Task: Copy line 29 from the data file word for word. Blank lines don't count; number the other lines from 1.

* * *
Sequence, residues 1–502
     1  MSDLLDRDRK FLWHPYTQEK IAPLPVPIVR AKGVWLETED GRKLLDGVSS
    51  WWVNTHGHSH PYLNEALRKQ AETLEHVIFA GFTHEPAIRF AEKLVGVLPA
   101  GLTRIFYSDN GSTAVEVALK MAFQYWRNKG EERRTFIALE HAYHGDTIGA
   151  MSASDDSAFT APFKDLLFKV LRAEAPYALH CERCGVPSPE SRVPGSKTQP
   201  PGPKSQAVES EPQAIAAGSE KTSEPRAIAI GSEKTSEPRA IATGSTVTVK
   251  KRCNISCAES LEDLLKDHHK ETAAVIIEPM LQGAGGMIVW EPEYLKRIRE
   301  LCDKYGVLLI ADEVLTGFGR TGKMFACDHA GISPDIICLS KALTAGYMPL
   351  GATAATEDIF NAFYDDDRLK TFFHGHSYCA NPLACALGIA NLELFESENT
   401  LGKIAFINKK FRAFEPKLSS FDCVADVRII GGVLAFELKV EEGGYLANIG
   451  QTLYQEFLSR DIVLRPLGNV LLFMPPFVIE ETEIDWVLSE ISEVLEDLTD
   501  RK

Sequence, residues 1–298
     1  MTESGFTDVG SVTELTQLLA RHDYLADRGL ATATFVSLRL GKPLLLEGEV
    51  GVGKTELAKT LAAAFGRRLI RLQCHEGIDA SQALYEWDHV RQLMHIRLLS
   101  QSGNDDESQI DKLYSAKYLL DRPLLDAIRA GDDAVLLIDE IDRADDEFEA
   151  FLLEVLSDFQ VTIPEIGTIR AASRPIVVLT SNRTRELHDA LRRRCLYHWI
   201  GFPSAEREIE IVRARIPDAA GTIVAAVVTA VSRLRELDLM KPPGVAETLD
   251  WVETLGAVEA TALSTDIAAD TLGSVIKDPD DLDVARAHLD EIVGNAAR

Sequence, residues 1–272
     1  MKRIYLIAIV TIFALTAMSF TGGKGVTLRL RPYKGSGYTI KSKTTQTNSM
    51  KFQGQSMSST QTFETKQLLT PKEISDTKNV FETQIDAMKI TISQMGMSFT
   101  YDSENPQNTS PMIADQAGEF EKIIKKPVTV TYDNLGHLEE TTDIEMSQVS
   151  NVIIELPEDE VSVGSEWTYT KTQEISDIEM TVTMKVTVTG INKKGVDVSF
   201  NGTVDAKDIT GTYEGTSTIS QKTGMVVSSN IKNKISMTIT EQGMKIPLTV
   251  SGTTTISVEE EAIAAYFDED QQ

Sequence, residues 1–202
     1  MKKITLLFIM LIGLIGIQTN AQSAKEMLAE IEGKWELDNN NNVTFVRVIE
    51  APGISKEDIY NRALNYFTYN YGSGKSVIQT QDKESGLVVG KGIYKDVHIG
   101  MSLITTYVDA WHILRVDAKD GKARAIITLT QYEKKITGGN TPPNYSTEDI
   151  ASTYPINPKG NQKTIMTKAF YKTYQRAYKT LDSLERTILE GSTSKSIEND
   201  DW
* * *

    51  APGISKEDIY NRALNYFTYN YGSGKSVIQT QDKESGLVVG KGIYKDVHIG